Big Patch Tuesday for Microsoft

Tuesday, June 10, 2014 @ 06:06 PM gHale


Microsoft fixed 66 vulnerabilities across seven bulletins in a huge June Patch Tuesday release, including a fix for an Internet Explorer 8 vulnerability they knew about seven months ago.

In all, there were 59 fixes in Internet Explorer.

Originally uncovered in October 2013, Hewlett-Packard Co.’s Zero-Day Initiative (ZDI) publically disclosed the IE8 vulnerability, CVE-2014-1770, last month after Microsoft failed to address it within six months, which is the amount of time ZDI allows a vendor to fix a flaw before issuing a public disclosure.

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ZDI provided Microsoft a small amount of leeway past the six-month cutoff date to patch the vulnerability, which is a flaw in the way the browser handles CMarkup objects, but Microsoft still failed to provide a fix.

In a blog post detailing this month’s Patch Tuesday updates, Dustin Childs, group manager for the Microsoft Trustworthy Computing group, said Microsoft was not aware of any exploits taking advantage of the IE8 vulnerability and thus the actual effect on IE users was minimal.
http://blogs.technet.com/b/msrc/archive/2014/06/10/theoretical-thinking-and-the-june-2014-bulletin-release.aspx

“If we consider the worst-case scenario analogous to a tree falling in the woods, is there a sound if no one is around to hear it? Similarly, does a vulnerability make a sound if it never gets exploited?” said Childs. “Until something actually occurs, it is still theory; we’re taking the theoretical and making practical updates against future ‘what ifs.'”

Besides the Internet Explorer 8 fix, Microsoft patched a record-breaking 59 browser vulnerabilities as part of its cumulative MS14-035 IE update this month.

Beyond the IE update, this month’s Patch Tuesday featured only one other bulletin, MS14-036, called “critical” by Microsoft. The bulletin fixes two privately reported, remotely exploitable vulnerabilities in the GDI+ graphics library found across numerous versions of the company’s Windows, Office and Lync software that can end up triggered via a malicious file or webpage. The flaws don’t allow for privilege escalation, according to Microsoft, so companies should configure user accounts with minimal access rights.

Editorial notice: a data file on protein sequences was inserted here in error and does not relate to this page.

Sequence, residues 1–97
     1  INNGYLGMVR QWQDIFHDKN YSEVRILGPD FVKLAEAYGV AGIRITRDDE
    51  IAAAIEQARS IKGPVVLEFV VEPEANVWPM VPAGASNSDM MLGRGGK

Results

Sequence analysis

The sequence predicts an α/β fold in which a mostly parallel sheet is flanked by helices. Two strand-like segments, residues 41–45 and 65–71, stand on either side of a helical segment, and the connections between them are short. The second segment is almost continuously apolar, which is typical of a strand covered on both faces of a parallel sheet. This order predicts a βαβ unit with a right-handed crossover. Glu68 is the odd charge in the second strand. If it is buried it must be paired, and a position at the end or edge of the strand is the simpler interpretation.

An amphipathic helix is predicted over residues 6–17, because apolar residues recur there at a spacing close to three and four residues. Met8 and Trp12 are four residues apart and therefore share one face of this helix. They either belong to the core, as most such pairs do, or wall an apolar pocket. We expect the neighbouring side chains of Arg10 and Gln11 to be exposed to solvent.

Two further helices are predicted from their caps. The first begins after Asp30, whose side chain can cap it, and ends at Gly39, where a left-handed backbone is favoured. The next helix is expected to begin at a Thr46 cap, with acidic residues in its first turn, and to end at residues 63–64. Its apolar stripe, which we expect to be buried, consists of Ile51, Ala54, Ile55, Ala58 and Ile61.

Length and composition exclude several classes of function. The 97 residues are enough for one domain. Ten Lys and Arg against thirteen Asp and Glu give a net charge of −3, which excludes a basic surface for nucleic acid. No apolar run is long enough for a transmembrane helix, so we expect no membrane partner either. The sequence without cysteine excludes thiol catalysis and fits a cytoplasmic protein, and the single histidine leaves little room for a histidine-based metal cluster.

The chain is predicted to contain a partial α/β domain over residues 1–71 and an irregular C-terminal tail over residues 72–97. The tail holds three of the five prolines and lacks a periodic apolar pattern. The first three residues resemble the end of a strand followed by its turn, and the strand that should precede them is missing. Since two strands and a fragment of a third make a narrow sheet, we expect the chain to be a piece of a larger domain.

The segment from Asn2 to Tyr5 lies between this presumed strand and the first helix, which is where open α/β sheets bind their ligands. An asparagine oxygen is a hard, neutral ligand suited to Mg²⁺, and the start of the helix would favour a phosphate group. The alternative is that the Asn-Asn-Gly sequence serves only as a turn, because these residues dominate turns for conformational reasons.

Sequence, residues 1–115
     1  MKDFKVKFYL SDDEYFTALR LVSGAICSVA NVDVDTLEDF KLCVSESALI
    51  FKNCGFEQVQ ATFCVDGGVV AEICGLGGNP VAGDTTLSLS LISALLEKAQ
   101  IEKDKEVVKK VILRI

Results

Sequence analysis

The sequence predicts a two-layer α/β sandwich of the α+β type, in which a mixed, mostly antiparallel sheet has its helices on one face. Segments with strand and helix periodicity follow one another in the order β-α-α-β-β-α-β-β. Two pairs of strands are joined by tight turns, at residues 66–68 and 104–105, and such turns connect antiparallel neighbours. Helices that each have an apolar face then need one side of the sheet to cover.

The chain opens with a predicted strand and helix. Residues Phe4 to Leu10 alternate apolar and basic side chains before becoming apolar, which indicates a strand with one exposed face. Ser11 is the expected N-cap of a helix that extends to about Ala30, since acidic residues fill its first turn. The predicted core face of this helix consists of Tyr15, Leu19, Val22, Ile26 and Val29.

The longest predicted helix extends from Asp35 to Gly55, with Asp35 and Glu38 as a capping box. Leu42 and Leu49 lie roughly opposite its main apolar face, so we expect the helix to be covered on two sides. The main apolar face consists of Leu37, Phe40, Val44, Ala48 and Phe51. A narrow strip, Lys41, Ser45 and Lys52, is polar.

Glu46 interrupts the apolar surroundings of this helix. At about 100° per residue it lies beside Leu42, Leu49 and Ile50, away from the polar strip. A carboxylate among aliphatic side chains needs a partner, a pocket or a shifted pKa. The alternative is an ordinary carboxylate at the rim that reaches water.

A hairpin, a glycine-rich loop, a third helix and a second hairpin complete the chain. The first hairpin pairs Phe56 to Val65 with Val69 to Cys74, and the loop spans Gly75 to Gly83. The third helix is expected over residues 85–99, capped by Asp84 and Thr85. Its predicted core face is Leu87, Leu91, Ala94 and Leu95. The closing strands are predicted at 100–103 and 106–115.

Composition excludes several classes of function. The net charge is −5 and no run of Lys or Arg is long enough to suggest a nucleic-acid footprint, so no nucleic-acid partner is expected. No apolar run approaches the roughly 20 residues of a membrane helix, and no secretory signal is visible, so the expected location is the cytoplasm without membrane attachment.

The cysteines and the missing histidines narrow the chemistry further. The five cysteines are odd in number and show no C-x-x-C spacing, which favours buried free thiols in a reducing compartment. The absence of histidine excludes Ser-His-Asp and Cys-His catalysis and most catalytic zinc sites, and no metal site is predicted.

There were five other bulletins labeled “important:”
• MS14-030 resolves a vulnerability that could allow attackers to tamper with active Remote Desktop Protocol (RDP) sessions in Windows version 7 and 8, as well as Windows Server 2012.
• MS14-031 addresses a “particularly serious” denial-of-service vulnerability found in various versions of Windows and Windows Server. It could allow an attacker to send maliciously crafted TCP connections to a server, possibly resulting in an attacker knocking a server offline altogether.
• MS14-032 fixes a Microsoft Lync vulnerability that relies on a user clicking a malicious meeting URL, potentially allowing an attacker to obtain sensitive information from the session.
• MS14-033 patches a vulnerability largely affecting various versions of Windows that relies on an attacker luring a logged on IE user to a specifically crafted webpage, again resulting in information disclosure.
• MS14-034 resolves an Office 2007 vulnerability that can end up remotely exploited if a user opens a malicious file, giving an attacker the same account rights as the current user.



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